Upstream preventive measures are preferable to
downstream removal as they address marine litter at its
source by reducing the generation of waste that could
become marine litter. These include improved product
design, substitution or reuse of materials and more
efficient manufacturing. Mitigation through improved
waste management, including recycling, can help
prevent waste from reaching the marine environment.
Finally, downstream litter removal tackles the problem
where the impacts are being felt in the marine
environment. Beach cleaning or fishing for litter are two
examples of actions that can have an immediate, positive
effect (UNEP, 2016c).
There are also behaviour change initiatives which seek to
influence people in a way that helps to reduce marine litter.
Behaviour change initiatives are cross-cutting and address
the development and implementation of measures for
prevention, mitigation and removal (Chen, 2015).
The choice is broad and the different types of measures
within the categories named above include awareness
raising (such as campaigns promoting smartphone
apps), research and development (for product
innovation), and policy and regulation (bans and
application of extended producer responsibility). Others
include direct investments (government spending on
waste management infrastructures), market-based
instruments (deposit-refund schemes or product
charges) and clean-up measures (UNEP, 2016c). These
measures are currently being implemented but also look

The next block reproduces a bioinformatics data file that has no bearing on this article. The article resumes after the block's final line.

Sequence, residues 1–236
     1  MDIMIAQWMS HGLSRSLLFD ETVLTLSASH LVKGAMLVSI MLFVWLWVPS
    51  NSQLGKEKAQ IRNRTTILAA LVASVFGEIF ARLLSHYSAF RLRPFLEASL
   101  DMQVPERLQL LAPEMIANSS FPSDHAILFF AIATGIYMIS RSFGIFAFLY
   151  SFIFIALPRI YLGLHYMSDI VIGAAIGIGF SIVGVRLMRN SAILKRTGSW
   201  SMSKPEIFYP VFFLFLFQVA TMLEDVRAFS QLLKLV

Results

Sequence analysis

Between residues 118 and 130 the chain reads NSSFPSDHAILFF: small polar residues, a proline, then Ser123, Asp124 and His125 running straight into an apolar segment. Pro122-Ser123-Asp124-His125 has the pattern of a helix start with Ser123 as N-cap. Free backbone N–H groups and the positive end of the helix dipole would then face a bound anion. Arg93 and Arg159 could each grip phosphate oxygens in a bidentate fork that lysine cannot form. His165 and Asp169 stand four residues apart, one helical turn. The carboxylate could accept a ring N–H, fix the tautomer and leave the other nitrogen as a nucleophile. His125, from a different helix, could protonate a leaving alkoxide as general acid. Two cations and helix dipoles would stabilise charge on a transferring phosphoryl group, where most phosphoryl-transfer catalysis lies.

to the future. Attention should be placed in ensuring
that future interventions are environmentally sound and
risk based. In addition, the various measures will be most
successful if gender and other demographic dimensions
are taken into account. This is because the activities
generating plastic debris, the sectors of society that
are affected by potential impacts, and the behaviour
patterns are all gender-differentiated and depend on
income, age and other social factors.
Awareness raising activities among distributors/retailers
and consumers can help to avoid the generation of marine
litter, for example by providing purchasing options to
reduce consumption of plastic bags and cosmetic products
containing microbeads, and reinforcing the benefits of
proper waste selection and disposal. Awareness raising
campaigns should be diverse and focus on the costs
of inaction – and the costs and the benefits of action.
Campaigns should focus on business and citizens and
account for gender, race, age and class. They should use
different channels, including formal and informal education,
with a particular emphasis on children (beach clean-ups
being a good tool). There is also a need for traditional and
social media, as well as attractive tools such as videos, music,
art, and smartphone apps for community science.
Research and innovation
The research effort to address marine plastic debris and
microplastics needs to be twofold. First, further research is
needed to better understand drivers, sources, status and
impacts, to enable the development and improvement
of existing legislation, policies and targeted tools and
measures (research-based policy and action). These
research efforts should look into the costs of inaction versus
the costs and benefits of action, to inform decision-making
and identify which instruments are likely to be effective and
efficient, work with other policies, and offer added value.
Second, research and innovation is also required to
improve product design and processes to prevent waste,
improve recycling and increase resource efficiency.
Research into design options, in particular for plastic and
plastic products, will facilitate reuse, repair, remanufacture
and recycling and support a transition to a more
Thorough implementation of existing legislation and
policies on the release of litter, on land and at sea, helps
Avoiding environmental pollution is a better and cheaper option than cleaning up or
mitigating the impact of pollution. There are many ways to tackle the problem of marine
plastic debris and microplastics – from preventive upstream measures, through
mitigation, to downstream removal.
Better (and cheaper) to be tidy
than to have to tidy up